This stock is controlled by hedge funds, and I sincerely doubt it will ever make the Nasdaq. If it does I will take a look at it, but certainly not before.
I dumped it yesterday, will put my money elsewhere. A 5% drop in a mutual fund is too big when everything else in the market is going well.
Oops. Looks like you have over $20/share profit. That's terrific and you should sell some (50%) soon. Remember: Bulls make money, bears make money, pigs get slaughtered. Greed will destroy you in the market.
So you have made four bucks profit on your shares and you are not diversified? If I was in your shoes I would sell half of your shares and put the money in an no-load, aggressive equity mutual fund. That may sound dull to you but if you have only $100K in stocks you want to build capital so you can -then- make some speculative plays. And, you will sleep soundly. Remember, things can go wrong with these small biotech companies, even ACAD which is relatively safe. BTW, my portfolio is several times what you have, and I've been investing on my own for 35+ years.
Take a look at the SEC filings, especially those regarding ownership. It seems that Genesis had some hedge fund managers on its BoD, and that they bailed before Genesis became LION, I'm not sure why. Suffice it to say Genesis may have had some rather smarmy guys in high places. I'm done now but (as I said earlier) will keep an eye on LBIO.
My thought exactly. I have wondered if the numbers got screwed up somehow. None of the leading stocks in the portfolio tanked, so . . . ?
You make some very good points in your second paragraph especially, and I can relate to them because I invested in Celgene when thalidomide was a bad word and Revlimid was being regarded with great suspicion for that reason.
I do remain concerned about the one man show that is Singh, but maybe he's a wizard or a genius who can marshal forces to create a successful company. Suffice it to say I still have my doubts, and I do not see IMUC as a very successful enterprise despite the fact that Singh did fairly well with it during his tenure there. And, I wonder what prompted the morphing of Genesis into LION after his brief leadership with the former company.
You might want to look at Quogue Capital. The $23 million appears to have come from that outfit which consists (again) of one human being who invests in small biotechs. Now, that person could be a genius like Singh, or he could be a hedge fund guru who is cranking up the value of LBIO stock until he pulls the plug. That possibility makes me nervous. I have also been unable to find out much about Mr. Quogue other than the fact that he owns a huge estate in the Hamptons and appears to be very well-heeled.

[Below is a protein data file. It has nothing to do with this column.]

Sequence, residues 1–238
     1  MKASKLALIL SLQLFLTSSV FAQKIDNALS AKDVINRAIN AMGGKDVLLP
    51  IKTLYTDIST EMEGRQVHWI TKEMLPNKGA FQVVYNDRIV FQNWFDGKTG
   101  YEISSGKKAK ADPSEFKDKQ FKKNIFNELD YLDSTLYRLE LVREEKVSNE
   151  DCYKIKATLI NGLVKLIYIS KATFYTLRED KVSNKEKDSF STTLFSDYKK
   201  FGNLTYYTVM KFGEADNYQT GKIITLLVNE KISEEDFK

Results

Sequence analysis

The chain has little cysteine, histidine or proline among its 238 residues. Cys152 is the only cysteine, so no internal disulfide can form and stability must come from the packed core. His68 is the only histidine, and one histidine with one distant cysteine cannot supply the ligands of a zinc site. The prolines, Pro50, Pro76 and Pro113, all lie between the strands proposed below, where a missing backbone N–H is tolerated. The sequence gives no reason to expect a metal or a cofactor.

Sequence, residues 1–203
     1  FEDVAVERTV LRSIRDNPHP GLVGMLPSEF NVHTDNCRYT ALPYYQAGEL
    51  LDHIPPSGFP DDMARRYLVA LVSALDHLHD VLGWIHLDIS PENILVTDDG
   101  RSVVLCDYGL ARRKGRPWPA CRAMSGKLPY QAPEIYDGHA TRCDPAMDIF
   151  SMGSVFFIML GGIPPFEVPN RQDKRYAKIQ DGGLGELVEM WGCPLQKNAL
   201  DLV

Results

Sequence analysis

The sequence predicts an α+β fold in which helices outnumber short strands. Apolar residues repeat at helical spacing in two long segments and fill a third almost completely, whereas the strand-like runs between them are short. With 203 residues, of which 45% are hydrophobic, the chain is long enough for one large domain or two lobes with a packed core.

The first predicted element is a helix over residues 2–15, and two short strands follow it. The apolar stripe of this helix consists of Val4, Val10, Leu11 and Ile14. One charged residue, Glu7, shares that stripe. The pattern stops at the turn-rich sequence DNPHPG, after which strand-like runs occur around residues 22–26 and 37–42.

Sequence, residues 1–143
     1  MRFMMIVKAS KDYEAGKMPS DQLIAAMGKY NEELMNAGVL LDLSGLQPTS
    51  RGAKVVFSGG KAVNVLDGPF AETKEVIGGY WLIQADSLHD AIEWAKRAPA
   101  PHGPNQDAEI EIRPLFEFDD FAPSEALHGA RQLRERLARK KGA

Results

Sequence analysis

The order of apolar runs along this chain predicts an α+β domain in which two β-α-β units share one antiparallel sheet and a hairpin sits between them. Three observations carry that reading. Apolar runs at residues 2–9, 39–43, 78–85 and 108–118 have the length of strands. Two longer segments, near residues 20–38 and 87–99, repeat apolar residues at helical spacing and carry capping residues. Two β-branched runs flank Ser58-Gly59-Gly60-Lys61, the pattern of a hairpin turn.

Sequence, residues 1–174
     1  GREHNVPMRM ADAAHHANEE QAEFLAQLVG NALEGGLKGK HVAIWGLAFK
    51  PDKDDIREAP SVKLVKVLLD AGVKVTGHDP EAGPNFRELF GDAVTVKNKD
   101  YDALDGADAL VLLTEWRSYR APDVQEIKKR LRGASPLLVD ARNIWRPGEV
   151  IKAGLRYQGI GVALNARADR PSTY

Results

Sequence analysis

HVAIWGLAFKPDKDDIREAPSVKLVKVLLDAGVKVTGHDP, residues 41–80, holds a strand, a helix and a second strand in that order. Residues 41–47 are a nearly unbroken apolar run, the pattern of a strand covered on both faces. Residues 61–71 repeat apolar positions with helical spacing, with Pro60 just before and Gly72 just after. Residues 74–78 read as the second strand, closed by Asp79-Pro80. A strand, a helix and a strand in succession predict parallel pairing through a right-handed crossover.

Again, I have not dismissed the possibility of investing in LBIO, and may go long at some time in the future. In all probability that would not be before it is listed on Nasdaq, but I keep my options open.
I'm not a paid basher, but a guy who looked at this stock and considered going long with it. When I did DD I discovered that it is a company run by a handful of individuals, that its major funding comes from a "fund" that is a one-person affair, and that the science its approach is based upon harks four years back to one article by a guy with no known affiliation to LBIO. If those aren't red flags, I don't know what one is.
I do not have a position with LBIO and -- as I stated elsewhere -- I have never gone short on any stock. I will continue to watch LBIO, and if the situation changes appreciably may someday go long. I currently have long positions in CELG, SGMO, ACAD, CRMD, PATH, XON, ZIOP, so am no stranger to biotechs and have done well with them, particularly CELG. At this time, LBIO is simply too risky for me to buy it.
Now I do hope that I am wrong about LBIO and that you and the other longs here make tons of money with your investment, but I am very concerned that you will see the pps move up astronomically only to watch it crash and burn. Maybe you make money riding it up. Set your stops but watch that you aren't stopped out.
I am not going to post here anymore but I will be keeping an eye on LBIO.
Good luck with your investments.
The much touted research cited on this company's website is from a seven page article by Rosenberg & Dudley published in April, 2009, which means the actual data was collected well before that time. I can find no reference to Genesis Bioscience, LION, Singh, or IMUC in that article.
I'm willing to admit I was wrong here. Insofar as I can determine, Singh started on 02/18/08 and departed 12/03/13. PPS to start was $.53 and when leaving $3.20. So, maybe I was unfair to Singh. Volatility in PPS was noteworthy, however.
Compare R&D (this year and last year) with "Selling General and Administrative." Just where is that money going . . . surely not to research . . . hmmm . . . .
That $27 million came from -one- person, Wayne Rothbaum, who -is- "Quogue Capital." What that means is that LBIO is being financed by an individual who can easily manipulate the price per share, up or down as meets his needs. He lives in a castle on the Atlantic shore in the Hamptons and "invests" in other small, easily manipulated biotechs. At least check it out before you plunk your money down.
The prices cited are correct for 01/01/2008 through 12/31/2012, but of course there was variation between those dates, and some investors may have been able to capitalize on that, including you . . . but please don't tell me IMUC had stellar performance when Singh was there, for pps never got anywhere near five bucks.